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The Square of Saint Peter
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Saint Peter's Square is a massive plaza located directly in front of St. Peter's Basilica in Vatican City, the papal enclave within Rome.
LOS ANGELES, CA (Catholic Online) - The open space which lies before the basilica was designed by Gian Lorenzo Bernini from 1656 to 1667, under the direction of Pope Alexander VII, as an appropriate forecourt, designed "so that the greatest number of people could see the Pope give his blessing, either from the middle of the façade of the church or from a window in the Vatican Palace."
At the center of the plaza stands a four-thousand-year-old Egyptian obelisk of red granite, 25.5 meters tall, which was placed in the square in 1568. It was originally erected at Heliopolis by an unknown pharaoh of the Fifth dynasty of Egypt. The Emperor Augustus had it moved to the Julian Forum of Alexandria, where it stood until year 37 A.D., when Caligula ordered the forum demolished and the obelisk transferred to Rome. He placed it in the center of the Circus, where it would preside over Nero's countless brutal games and Christian executions.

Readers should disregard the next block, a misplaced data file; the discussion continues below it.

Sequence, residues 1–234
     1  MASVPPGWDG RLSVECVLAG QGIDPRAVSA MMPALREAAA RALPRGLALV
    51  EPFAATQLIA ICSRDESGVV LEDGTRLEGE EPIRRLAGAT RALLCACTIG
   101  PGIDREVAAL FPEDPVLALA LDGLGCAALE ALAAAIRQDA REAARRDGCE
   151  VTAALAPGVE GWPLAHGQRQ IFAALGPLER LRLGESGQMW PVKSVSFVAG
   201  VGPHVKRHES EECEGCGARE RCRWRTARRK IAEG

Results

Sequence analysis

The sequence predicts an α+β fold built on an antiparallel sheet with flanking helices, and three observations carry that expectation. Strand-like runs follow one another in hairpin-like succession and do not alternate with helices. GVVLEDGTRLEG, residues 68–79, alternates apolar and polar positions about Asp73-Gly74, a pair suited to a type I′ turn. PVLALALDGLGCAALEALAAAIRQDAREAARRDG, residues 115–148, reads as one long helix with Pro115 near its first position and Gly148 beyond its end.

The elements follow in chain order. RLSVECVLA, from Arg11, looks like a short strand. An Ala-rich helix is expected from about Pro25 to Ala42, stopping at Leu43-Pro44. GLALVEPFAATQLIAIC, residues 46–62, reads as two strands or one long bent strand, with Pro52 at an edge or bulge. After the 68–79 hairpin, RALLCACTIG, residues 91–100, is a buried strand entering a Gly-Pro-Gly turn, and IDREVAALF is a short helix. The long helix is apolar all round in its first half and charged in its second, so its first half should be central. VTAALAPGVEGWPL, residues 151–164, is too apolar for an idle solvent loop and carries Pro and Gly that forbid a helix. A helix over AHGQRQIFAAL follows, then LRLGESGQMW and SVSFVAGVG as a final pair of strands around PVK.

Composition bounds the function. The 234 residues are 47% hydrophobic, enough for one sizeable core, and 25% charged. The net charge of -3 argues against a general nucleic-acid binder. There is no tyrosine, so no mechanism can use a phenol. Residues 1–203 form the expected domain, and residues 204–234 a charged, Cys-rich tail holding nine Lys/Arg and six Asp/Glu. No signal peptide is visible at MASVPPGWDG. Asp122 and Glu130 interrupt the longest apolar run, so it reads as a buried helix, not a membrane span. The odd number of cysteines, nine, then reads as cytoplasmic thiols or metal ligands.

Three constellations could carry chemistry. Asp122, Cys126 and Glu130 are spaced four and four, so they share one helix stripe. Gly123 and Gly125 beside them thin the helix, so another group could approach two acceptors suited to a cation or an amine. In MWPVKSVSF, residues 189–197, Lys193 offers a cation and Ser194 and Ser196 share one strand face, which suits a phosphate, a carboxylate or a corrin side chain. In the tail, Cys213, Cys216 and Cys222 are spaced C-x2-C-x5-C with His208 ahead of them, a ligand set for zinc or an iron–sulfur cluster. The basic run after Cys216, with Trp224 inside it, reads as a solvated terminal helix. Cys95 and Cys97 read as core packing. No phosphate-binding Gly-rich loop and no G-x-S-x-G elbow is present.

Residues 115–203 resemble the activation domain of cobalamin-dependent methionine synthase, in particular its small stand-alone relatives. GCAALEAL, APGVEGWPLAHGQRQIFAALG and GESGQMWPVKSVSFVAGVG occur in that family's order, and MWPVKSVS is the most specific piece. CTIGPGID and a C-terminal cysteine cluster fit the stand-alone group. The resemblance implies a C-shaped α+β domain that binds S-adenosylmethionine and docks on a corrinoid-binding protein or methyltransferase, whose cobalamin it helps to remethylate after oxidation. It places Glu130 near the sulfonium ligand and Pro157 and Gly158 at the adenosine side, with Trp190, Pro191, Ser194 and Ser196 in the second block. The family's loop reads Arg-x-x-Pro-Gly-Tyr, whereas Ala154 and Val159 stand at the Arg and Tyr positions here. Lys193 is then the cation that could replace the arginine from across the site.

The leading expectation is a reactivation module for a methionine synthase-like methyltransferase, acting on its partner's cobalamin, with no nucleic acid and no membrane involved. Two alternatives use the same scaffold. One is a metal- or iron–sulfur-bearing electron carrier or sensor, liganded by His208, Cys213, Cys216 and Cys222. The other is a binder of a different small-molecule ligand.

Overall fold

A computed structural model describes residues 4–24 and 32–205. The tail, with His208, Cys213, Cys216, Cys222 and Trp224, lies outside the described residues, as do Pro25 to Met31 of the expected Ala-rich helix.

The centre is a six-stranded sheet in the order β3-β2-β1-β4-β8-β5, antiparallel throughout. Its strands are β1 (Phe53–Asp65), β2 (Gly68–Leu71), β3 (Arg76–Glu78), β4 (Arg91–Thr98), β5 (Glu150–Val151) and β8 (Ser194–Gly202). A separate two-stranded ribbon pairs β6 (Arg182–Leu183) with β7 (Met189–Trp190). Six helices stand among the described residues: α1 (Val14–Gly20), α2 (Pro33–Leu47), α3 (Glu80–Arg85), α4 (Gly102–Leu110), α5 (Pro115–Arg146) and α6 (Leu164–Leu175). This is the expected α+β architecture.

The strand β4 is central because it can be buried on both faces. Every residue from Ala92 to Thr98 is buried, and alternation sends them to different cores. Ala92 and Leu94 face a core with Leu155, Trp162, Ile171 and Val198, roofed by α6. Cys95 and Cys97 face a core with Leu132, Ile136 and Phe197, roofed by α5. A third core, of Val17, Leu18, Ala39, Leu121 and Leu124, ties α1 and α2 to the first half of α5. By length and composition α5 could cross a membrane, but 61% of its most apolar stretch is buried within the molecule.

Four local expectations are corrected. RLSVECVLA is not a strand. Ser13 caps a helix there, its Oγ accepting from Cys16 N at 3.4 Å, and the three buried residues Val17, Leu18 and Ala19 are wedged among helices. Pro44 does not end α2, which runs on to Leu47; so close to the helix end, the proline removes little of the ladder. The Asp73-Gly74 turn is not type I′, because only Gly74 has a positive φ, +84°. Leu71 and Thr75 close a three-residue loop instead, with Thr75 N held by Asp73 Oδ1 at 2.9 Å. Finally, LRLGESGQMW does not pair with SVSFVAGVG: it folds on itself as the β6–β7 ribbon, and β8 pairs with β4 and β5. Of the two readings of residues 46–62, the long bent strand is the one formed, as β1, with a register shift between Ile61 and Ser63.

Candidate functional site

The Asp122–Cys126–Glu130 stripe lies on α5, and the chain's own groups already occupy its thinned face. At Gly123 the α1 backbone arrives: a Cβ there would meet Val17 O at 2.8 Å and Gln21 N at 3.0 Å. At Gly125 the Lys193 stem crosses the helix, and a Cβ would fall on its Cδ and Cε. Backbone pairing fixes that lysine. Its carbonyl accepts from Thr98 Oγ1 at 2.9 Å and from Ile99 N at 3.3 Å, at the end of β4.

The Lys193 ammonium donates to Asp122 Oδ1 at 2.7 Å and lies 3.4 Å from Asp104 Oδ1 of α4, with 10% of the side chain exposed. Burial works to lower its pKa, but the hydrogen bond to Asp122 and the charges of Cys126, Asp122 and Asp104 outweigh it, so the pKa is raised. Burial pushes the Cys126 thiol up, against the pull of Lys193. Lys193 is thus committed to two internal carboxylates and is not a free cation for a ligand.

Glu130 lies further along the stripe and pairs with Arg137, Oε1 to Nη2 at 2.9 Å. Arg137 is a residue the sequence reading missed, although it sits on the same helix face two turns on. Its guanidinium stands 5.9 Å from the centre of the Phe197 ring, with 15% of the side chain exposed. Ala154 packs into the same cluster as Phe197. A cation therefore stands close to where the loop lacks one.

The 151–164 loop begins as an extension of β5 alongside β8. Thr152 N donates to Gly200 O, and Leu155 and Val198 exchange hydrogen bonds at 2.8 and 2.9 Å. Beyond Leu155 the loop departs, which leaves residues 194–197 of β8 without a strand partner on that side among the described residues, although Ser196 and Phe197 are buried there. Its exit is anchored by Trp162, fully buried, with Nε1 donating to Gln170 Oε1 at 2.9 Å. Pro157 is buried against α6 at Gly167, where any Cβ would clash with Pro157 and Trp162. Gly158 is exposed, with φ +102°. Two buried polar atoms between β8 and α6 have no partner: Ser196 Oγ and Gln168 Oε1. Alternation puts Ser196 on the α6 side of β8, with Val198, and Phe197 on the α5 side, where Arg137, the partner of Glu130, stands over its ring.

The obelisk was moved to its current site in 1586 by the engineer-architect Domenico Fontana under the direction of Pope Sixtus V; the engineering feat of re-erecting its vast weight was memorialized in a suite of engravings. The Vatican Obelisk is the only obelisk in Rome that has not toppled since ancient Roman times. During the Middl- Ages, the gilt ball on top of the obelisk was believed to contain the ashes of Julius Caesar. Fontana later removed the ancient metal ball, now in a Rome museum, that stood atop the obelisk and found only dust. Though Bernini had no influence in the erection of the obelisk, he did use it as the centerpiece of his magnificent piazza.
In 1817 circular stones were set to mark the tip of the obelisk's shadow at noon as the sun entered each of the signs of the zodiac, making the obelisk a gigantic sundial's gnomon.
St. Peter's Square today can be reached from the Ponte Sant'Angelo along the grand approach of the Via della Conciliazione (in honor of the Lateran Treaty of 1929). The spina which once occupied this grand avenue leading to the square was demolished ceremonially by Benito Mussolini himself on October 23, 1936 and was completely demolished by October 8, 1937. St. Peter's Basilica was now freely visible from the Castel Sant Angelo. The effect of its demolition, however, was to destroy the characteristic Baroque "surprise". The Via della Conciliazione was completed in time for the Great Jubilee of 1950.
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